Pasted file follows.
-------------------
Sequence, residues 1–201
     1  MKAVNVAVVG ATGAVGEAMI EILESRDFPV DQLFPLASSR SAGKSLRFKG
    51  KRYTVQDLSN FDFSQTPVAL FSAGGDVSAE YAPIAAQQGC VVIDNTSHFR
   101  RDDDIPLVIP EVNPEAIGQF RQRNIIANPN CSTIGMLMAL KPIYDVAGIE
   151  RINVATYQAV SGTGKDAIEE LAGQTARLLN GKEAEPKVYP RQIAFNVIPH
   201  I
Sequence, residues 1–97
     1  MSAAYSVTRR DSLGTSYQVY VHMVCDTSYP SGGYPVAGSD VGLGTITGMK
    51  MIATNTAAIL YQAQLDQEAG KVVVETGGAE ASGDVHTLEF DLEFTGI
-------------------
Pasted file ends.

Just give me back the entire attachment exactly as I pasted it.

Sequence, residues 1–201
     1  MKAVNVAVVG ATGAVGEAMI EILESRDFPV DQLFPLASSR SAGKSLRFKG
    51  KRYTVQDLSN FDFSQTPVAL FSAGGDVSAE YAPIAAQQGC VVIDNTSHFR
   101  RDDDIPLVIP EVNPEAIGQF RQRNIIANPN CSTIGMLMAL KPIYDVAGIE
   151  RINVATYQAV SGTGKDAIEE LAGQTARLLN GKEAEPKVYP RQIAFNVIPH
   201  I
Sequence, residues 1–97
     1  MSAAYSVTRR DSLGTSYQVY VHMVCDTSYP SGGYPVAGSD VGLGTITGMK
    51  MIATNTAAIL YQAQLDQEAG KVVVETGGAE ASGDVHTLEF DLEFTGI